But the pretence of this author, “That no one father or writer of the church, Greek or Latin, before St Austin’s time, agreed with the determinations of the synod of Dort,” is of little importance in this cause; for as I suppose he may not speak this absolutely on his own trial and experience, but rather on the suggestions of others, so it is no more than what is strongly pretended concerning the doctrine of the holy Trinity itself with respect unto the determination and declaration made of it at the council of Nice. And it were to be wished that too much countenance had not been given unto this imagination by Petavius and some others, whose collections of ambiguous expressions out of the ancient writers of the church, and observations upon them, are highly boasted of by our present Photinians. And as, it may be, it will not be easy for this author positively to declare what was the judgment of any one ancient writer on all points of Christian belief, especially on such as had not received an especial discussion from oppositions made unto them in their own days or before them: so it is confessed by all that an allowance is to be given unto general expressions of such writers as seem occasionally to declare their present thoughts on any particular doctrines about which there had never been any controversy in the church; for the proper signification of words themselves, whereby men express their minds, is never exactly stated until the things themselves which they would signify have been thoroughly discussed. Hence the same words have had various uses and divers significations in several ages. And by this rule, whatever be supposed that none of the ancients before Austin were of the same mind with those who assembled at Dort, it may with more truth be affirmed that none of them were otherwise minded but Origen only, and those who were 76influenced by him, he being by many, on evident grounds, accused to have prepared the way and opened the door both unto Arianism and Pelagianism.

The censure passed on Austin, namely, “That his piety was far more commendable than his reason,” is at least as novel as the Dutch synod; for it is not the commendation of his piety, but the disparagement of his reason, that is intended. And I must take the liberty to say, that either this author hath not been much conversant in the writings of this great and holy person, or he is a very incompetent judge of the rational abilities of them in whose writings he is conversant. This confidence in pronouncing a censure so contrary to the concurrent sense of the generality of learned men of all sorts in the church for twelve hundred years savours too much of partiality and prejudice. But it is some relief, that the adversaries of the truth with whom he had to do were never able to discover nor make advantage of the weakness of his reason. It was sufficient for the work whereunto God designed him; which was, not only to check and suppress the many instances wherein sundry crafty persons apostatized from the truths of the gospel, both in his own days and before, but also to give over the light of truth, clearly discovered and strenuously vindicated, unto posterity, for the benefit of the church in all ages. Persons may freely despise the men of their present contests, against whom they have all the advantages which may prompt them thereunto, and they have so much countenance in casting contemptuous reflections on the principal first reformers as not to think therein they invade the bounds of Christian modesty; but what will be the apology for their confidence in such censures of the rational abilities of Austin I cannot conjecture, though the reason of it I can easily guess at. However, it needeth not be much taken notice of, seeing a censure somewhat more severe hath not long since been passed on St Paul himself, by a writer of the same strain and judgment.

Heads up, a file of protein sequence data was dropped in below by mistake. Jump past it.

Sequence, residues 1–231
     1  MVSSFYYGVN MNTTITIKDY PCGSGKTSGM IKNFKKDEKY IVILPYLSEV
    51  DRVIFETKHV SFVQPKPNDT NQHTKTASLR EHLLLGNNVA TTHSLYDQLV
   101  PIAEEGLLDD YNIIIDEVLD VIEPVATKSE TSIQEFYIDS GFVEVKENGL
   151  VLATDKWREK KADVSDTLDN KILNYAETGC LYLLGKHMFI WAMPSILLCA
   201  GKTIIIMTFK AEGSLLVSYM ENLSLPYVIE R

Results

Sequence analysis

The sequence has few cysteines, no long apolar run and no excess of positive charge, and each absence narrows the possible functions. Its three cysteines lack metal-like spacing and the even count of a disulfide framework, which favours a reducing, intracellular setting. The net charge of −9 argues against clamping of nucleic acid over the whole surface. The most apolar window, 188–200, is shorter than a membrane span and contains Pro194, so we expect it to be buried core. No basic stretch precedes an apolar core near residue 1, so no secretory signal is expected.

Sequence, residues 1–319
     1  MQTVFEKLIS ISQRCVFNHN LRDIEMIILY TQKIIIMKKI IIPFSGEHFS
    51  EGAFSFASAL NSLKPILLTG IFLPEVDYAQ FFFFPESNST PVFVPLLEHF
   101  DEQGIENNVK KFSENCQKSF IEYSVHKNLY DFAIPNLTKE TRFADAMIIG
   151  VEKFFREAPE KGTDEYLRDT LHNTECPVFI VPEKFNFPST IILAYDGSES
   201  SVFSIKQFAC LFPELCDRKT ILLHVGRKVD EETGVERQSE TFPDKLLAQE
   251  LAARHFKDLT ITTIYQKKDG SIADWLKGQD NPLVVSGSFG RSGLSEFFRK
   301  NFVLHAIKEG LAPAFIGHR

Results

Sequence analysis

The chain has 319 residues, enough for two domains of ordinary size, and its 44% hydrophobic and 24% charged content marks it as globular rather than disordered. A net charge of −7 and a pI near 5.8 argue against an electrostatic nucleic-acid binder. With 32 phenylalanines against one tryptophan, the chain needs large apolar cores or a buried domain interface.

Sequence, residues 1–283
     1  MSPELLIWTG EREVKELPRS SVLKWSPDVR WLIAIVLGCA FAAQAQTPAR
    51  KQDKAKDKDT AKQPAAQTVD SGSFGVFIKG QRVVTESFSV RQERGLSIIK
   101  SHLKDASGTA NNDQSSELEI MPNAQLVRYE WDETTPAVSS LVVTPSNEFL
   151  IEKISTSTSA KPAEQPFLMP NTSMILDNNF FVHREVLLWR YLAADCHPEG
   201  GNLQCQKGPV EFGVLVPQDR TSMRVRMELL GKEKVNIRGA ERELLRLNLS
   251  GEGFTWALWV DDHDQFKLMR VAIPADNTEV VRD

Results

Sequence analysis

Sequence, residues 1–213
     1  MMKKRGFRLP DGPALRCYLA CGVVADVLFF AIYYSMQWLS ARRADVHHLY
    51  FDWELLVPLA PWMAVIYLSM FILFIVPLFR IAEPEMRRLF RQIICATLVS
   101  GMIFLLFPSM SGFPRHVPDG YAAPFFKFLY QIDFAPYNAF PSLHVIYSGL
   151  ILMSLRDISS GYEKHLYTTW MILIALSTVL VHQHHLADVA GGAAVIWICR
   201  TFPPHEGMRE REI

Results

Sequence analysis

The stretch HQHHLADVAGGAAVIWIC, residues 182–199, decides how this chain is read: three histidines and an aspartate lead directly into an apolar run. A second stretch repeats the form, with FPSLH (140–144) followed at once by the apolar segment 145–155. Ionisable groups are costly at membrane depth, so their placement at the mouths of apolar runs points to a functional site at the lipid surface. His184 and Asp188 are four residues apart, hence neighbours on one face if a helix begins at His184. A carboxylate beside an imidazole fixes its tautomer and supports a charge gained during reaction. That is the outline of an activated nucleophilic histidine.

There is little ground of fear, as I suppose, that a “novel Dutch synod,” as it is called, though consisting of persons delegated from all the principal reformed churches of Europe (that of France only excepted), “should prescribe doctrines to the church of England,” seeing in that synod the church of England did rather prescribe doctrines to the Dutch than receive any from them; for the divines which had the pre-eminence of suffrage and authority in that assembly were those of the church of England, sent thither by public authority to testify the doctrine of this church, and to lead the Dutch into the same confession with themselves.

But to return; it is to be feared that as Pelagianism, in its first edition, did secretly and gradually insinuate itself into the animal 77and vital spirits of the body of the church in those days, proving a poison unto it, so under its new varnish and gilding it will be received, until it diffuse itself into the veins and vitals of the present reformed church-state in the world. This I know, that some pretending a zeal for holiness and reformation of life do yet, with a shameful partiality, charge those doctrines as a principal means of the decay of piety, which they cannot but know were generally believed and avowed then when piety most flourished in this nation. But this is part of that entertainment which the church of England meets with at this day from her degenerate offspring. The doctrine of all the ancient bishops must be traduced, as the means of the decay of piety; and, which increaseth the wonder, it had not this effect till it began to be publicly deserted and renounced I for whether they are the one the cause of the other or no, yet there is a demonstrative coincidence between the originals of our visible apostasy from piety and the admission of these novel opinions, contrary to the faith of the first reformed churches, and that they both bear the same date among us.